Logging community sees saviour on skis
A small logging community in the Premier Range of east-central B.C. is hoping a ski resort proposal for the area can secure their economic future.
Valemount, located 225 kilometres south-west of Jasper, has a population of 1,200 but serves the entire Robson Valley with a population base of approximately 5,000. The community, along with a U.S.-based ski resort designer, has recently unveiled plans to develop a ski resort.
The yet unnamed peak has already been identified by B.C. Lands as a potential ski resort, but Valemount Mayor Jeannette Townsend says the plans are "very preliminary."
With the help of Jack Johnson, designer of Deer Park, Utah, the community has expressed interest in finding cash to develop a ski hill with 900 metres of vertical with a lift reaching 2,200 metres on a local peak.
"Right now our primary interest is just a community ski hill," five -year mayor Townsend says. "Because of the class of mountain, it has the potential to develop into a destination resort."
She says the logging which has driven the local economy for generations has started to drop off as the annual allowable cut in the area gets cut back.
"We have got to look at diversifying our economy if we want to keep people in our community," she says, adding the rugged area is already very popular with backcountry snowmobilers and heli-ski operators.
Silvio Gislemberti, economic development officer for Valemount and area, recently moved to B.C. from Innsbruck, Austria. He says the skiing potential in the Valemount area is a vault just waiting to be opened.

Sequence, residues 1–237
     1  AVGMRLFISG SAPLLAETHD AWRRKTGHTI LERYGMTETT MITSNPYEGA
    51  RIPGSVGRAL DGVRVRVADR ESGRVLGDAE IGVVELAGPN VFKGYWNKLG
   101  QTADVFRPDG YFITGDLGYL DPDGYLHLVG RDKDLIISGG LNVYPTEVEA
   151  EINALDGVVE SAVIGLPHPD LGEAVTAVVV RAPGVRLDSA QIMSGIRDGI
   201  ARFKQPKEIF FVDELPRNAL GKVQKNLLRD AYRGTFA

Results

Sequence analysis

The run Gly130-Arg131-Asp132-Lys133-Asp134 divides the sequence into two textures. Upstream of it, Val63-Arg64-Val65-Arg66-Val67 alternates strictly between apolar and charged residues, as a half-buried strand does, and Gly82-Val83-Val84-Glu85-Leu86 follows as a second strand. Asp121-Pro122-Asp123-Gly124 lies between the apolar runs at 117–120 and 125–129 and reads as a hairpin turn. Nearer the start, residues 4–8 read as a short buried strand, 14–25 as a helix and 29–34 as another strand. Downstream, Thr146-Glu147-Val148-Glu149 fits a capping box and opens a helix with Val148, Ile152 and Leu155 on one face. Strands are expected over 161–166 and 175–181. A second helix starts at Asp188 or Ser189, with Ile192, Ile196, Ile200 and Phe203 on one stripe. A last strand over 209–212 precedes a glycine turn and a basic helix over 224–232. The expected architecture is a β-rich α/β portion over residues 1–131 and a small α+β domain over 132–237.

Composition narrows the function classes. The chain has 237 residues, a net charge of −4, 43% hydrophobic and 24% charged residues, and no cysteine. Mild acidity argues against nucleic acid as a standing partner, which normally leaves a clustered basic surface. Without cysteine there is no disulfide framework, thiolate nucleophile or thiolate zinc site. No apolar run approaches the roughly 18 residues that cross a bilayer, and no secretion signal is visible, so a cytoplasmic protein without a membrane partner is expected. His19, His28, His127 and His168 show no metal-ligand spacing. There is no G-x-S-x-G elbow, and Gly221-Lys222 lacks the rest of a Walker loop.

"The snow conditions are just excellent and the hill has a very nice open contour with plenty of easily accessible intermediate and beginner terrain," he says. "In the future, there are some great options for advanced skiing in the area as well." He says a stunning view of Mount Robson, the highest mountain in the Canadian Rockies, is part of the proposal as well.
"We are not looking at doing this tomorrow, but when the logging activity drops off more and more in the next 5-10 years we want to be ready," Gislemberti says.
Richard Hough, manager of the Prince George office of B.C. Lands, says he is aware of the Valemount plans, but is not worried about the proposal needing fast tracking.
"This plan is not going to go very far unless somebody has an extra $20-30 million, that's what they are going to need," Hough says. "Somebody is going to have to come in and invest a lot of money in a very, very small community."